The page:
Many residents in Logan Square were drawn to the area because of the beautiful open green spaces along Logan, Kedzie, Palmer and Humboldt Boulevards. However, some may not realize that these roads are actually categorized as a historic landmark system by the City of Chicago.
The Boulevard System of Chicago, first conceptualized by urban developer John S. Wright and constructed in 1870, was a series of boulevards that ran around the entire city. Originally conceived as a bunch of narrow parks, Wright sought to bring the beauty of nature into the urban city. “I foresee a time, not very distant, when Chicago will need for its fast increasing population a park or parks in each division [referring to the south, west and north sides of the city]. Of these parks I have a vision. They are all improved and connected with a wide avenue extending to and along the Lake shore on the north and south, and so surrounding the city with a magnificent chain of parks and parkways that have not their equal in the World,” he said.
Today, many of the scenic boulevards have been built over, and according to the Logan Square Preservation Society, “the final 2 1/2 miles of boulevards in Logan Square remain as the only vestige of the original system that looks today as it did in 1900.”
Even though there are some gaps where the scenic boulevards used to be, you can still bike the whole thing like someone did in 2008. A map at the far west end of Palmer Square (taken by chadn on Flickr) depicts the original 28-mile “Emerald Necklace” boulevard system. The Logan Square Preservation Society has been fighting since the 1980s to keep the boulevards looking nice (you can thank them if you want).
As an ambitious series of plans by the Parks Department, the boulevards aimed to make the city beautiful in a functional way. City officials envisioned a series of parks for people to enjoy the outdoors and socialize with neighbors. At the time, residents could show off their fancy carriages and boating hats (since they didn’t have much to do back in the early 20th century) and the area was home to many mansions at the time.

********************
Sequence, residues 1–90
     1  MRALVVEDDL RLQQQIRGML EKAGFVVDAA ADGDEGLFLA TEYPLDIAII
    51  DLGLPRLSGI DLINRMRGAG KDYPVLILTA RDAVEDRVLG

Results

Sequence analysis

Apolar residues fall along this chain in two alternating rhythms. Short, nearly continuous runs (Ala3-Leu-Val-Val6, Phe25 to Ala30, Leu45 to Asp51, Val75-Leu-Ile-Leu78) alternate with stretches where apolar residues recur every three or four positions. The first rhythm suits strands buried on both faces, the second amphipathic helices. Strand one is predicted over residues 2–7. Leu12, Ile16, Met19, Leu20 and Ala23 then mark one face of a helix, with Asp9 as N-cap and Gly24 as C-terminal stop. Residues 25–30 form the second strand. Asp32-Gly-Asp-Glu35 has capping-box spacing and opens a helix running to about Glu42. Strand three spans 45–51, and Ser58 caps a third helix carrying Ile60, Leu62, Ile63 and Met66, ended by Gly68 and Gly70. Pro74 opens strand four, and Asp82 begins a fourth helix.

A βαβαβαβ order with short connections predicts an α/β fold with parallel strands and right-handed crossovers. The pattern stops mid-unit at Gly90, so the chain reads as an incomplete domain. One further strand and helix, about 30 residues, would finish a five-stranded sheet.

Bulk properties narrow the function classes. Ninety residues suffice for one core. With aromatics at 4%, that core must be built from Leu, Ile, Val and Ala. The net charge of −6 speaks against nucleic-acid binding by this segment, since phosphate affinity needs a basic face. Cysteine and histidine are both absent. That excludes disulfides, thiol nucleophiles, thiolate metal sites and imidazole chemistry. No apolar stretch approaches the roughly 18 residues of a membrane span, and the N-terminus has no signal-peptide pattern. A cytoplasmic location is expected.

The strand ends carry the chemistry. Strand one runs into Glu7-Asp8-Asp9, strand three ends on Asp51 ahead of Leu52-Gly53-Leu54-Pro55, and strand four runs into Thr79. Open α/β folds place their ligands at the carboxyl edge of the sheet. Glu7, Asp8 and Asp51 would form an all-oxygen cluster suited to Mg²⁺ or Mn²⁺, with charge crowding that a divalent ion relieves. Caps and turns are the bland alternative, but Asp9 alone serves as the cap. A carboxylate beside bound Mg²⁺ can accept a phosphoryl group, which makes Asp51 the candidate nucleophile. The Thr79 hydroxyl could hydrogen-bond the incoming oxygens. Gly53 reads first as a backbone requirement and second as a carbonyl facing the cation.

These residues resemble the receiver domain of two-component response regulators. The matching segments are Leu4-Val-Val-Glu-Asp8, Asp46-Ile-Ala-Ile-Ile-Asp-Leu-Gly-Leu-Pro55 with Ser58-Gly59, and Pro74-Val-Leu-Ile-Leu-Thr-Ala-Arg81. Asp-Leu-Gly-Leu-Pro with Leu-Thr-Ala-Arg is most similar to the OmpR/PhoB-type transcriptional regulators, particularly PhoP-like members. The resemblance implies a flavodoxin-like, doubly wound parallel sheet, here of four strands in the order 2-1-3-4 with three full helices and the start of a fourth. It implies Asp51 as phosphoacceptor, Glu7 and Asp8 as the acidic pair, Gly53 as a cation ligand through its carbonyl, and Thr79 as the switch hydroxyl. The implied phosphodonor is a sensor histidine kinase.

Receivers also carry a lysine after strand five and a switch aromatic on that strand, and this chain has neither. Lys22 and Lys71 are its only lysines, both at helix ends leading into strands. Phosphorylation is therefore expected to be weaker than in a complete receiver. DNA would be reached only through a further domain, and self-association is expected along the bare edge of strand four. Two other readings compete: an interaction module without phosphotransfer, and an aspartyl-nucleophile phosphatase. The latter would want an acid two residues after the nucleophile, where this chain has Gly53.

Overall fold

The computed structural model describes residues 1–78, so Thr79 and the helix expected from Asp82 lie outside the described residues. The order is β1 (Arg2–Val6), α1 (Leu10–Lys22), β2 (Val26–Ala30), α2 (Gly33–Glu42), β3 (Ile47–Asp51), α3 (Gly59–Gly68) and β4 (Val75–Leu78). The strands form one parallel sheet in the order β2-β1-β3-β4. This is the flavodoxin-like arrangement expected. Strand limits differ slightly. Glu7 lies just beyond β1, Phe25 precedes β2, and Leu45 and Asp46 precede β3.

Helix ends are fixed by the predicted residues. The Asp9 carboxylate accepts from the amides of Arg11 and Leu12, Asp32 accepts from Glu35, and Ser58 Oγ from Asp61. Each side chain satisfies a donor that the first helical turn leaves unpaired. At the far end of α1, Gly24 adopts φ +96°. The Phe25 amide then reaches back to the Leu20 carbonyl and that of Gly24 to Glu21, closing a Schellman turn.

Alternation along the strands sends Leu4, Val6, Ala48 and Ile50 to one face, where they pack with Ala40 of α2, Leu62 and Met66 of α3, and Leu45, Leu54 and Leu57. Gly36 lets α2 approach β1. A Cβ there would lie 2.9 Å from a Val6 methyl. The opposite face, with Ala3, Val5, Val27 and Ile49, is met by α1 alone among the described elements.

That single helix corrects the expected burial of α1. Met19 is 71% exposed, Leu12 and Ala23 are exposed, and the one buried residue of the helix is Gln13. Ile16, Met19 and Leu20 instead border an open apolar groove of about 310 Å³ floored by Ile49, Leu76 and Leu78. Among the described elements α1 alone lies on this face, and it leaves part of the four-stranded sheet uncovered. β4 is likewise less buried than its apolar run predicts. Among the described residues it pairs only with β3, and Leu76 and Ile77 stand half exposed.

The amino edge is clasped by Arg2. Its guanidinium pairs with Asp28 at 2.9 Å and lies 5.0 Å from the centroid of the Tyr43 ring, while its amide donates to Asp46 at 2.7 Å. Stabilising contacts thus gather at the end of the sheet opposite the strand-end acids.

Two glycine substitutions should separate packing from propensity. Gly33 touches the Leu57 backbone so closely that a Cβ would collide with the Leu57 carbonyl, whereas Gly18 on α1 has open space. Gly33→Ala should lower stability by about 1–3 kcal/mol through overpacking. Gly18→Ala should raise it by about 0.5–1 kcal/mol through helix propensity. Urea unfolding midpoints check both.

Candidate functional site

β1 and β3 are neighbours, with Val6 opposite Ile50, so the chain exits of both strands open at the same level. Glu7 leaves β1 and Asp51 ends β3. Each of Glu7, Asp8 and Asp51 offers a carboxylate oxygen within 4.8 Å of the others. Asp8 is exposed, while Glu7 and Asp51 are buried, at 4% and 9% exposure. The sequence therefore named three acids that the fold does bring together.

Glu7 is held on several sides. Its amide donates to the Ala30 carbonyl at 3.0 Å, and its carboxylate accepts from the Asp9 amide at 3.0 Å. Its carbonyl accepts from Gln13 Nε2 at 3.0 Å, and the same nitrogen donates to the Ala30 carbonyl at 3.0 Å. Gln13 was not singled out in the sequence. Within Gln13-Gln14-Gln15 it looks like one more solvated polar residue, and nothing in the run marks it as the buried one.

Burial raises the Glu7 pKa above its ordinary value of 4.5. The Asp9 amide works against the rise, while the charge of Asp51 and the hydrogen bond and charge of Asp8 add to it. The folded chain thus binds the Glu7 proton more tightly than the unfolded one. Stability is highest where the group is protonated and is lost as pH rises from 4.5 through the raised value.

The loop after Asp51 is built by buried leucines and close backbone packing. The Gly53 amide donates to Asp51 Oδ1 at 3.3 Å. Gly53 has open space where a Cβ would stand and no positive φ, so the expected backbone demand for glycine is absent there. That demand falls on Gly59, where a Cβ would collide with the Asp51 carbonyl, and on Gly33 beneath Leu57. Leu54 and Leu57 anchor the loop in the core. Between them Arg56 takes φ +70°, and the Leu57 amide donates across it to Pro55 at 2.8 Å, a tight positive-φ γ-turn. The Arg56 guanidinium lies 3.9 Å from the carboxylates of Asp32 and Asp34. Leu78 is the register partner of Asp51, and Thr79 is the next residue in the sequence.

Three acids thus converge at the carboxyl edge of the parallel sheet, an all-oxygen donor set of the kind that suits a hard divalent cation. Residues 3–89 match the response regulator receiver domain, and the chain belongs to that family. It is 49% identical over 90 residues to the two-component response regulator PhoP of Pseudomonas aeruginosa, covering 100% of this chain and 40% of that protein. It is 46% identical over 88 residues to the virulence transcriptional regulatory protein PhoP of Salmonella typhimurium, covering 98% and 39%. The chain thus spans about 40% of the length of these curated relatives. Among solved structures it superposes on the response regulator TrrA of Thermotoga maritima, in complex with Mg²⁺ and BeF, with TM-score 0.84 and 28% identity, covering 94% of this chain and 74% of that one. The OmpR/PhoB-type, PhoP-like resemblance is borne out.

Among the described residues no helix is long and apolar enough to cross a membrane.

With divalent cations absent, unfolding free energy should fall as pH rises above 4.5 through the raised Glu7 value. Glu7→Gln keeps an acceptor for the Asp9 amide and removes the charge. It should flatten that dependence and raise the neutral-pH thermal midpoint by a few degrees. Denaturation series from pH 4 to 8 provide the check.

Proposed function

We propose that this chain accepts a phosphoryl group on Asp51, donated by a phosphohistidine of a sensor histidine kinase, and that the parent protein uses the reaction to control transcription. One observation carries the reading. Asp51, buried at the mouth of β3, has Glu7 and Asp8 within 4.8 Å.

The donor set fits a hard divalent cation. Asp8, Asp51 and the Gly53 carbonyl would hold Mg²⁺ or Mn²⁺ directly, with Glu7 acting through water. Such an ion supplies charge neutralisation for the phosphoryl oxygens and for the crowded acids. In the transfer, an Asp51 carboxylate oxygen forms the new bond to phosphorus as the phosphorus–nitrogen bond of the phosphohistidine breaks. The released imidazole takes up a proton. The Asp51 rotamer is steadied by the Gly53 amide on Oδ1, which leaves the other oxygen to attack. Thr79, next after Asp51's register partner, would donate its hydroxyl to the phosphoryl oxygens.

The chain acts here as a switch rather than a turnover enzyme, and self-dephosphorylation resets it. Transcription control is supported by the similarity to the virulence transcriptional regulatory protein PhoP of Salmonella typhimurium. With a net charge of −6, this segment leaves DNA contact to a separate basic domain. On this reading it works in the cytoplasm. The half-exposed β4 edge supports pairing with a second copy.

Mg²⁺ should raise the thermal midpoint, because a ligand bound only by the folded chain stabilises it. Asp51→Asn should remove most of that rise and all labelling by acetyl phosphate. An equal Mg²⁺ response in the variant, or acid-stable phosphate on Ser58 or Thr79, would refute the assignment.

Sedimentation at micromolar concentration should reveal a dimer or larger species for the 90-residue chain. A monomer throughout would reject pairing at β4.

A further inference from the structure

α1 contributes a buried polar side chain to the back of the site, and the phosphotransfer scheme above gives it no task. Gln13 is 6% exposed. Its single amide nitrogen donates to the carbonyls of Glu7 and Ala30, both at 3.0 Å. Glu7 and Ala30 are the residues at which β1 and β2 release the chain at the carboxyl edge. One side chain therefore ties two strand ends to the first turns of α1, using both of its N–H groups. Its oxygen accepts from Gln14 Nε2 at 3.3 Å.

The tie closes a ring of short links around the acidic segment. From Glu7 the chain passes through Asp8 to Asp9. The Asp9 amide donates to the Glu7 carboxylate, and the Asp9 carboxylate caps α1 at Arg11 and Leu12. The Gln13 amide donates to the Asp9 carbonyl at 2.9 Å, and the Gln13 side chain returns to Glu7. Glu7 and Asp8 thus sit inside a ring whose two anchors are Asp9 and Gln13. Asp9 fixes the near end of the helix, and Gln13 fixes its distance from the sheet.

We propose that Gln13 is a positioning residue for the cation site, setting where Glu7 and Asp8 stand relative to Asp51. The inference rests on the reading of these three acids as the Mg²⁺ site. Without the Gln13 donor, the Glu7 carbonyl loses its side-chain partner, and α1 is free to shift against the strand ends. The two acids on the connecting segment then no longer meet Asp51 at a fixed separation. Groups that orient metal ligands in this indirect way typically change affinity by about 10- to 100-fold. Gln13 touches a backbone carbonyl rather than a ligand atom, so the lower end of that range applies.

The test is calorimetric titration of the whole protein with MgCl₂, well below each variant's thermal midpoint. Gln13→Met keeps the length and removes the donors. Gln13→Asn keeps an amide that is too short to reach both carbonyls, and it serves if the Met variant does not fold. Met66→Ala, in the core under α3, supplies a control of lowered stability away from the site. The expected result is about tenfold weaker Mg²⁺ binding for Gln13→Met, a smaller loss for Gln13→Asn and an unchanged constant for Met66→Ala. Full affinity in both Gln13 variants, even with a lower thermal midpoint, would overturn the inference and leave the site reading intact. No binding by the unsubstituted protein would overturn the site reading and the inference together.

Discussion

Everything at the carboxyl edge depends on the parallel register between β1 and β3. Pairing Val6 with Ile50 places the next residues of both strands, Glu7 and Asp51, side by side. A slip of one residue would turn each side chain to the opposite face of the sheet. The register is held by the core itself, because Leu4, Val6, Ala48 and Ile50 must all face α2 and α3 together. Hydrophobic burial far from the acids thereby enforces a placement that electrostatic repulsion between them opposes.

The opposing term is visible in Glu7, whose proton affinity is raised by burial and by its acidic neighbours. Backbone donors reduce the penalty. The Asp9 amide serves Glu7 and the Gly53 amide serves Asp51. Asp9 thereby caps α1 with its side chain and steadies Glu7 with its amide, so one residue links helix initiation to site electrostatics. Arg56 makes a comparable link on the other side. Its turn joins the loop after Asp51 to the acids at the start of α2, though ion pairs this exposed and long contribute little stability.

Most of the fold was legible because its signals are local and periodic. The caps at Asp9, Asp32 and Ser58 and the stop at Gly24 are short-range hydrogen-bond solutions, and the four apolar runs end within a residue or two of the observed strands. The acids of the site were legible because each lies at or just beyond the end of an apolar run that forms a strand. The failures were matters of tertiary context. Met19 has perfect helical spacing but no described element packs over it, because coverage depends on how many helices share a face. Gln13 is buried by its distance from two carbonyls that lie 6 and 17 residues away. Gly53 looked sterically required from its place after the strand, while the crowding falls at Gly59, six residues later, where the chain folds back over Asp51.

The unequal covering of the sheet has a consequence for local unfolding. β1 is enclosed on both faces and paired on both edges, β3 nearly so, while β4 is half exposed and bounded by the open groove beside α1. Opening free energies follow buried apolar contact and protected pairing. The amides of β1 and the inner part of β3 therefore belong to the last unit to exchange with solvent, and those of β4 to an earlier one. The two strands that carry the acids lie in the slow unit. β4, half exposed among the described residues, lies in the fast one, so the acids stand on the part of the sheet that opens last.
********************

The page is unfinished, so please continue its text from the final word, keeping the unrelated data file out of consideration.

Then, in the 1920s, they started building nice-looking apartment buildings next to all the mansions. Basically it all looked like that stretch of Logan just past the farmer’s market. Some of you out there still live in those drafty old apartment buildings. If yours still has radiators, then I’m jealous of you.
Officials at one point pulled out funding for upkeep and decided to just see what happened. Turns out nothing good. And it seems like letting parks fall into disrepair is less of a call to arms than failing to remove snow like the snowpocalypse in 1979. After World War II, old buildings were demolished and new ones built, and in this flurry of change people were somewhat careless about maintaining the pride and tradition behind the once-charming boulevards. (For historical context, this is also the period of American history that popularized canned green beans and other food atrocities.) They didn’t really know what they were doing, but they did their best.
This disrepair continued until the 80s when a group of concerned citizens got together and fought (although not literally) for their boulevards to be preserved. To defend the boulevards, citizens planted, mowed and filed the appropriate paperwork in order for the boulevards to become protected. Eventually, in 2005, the boulevards were recognized as an official landmark. You can read about the whole struggle on the Logan Square Preservation Society webpage here, but be warned: There’s some talk about zoning laws.
So next time you drag your grill, dog or yard sale to the open green space throughout the neighborhood, remember that a lot of people put a lot of work into making sure the remains of the boulevard system wasn’t torn up and replaced with condos. Enjoy your boulevards. They’re really nice, and a lot of cities don’t have anything like them.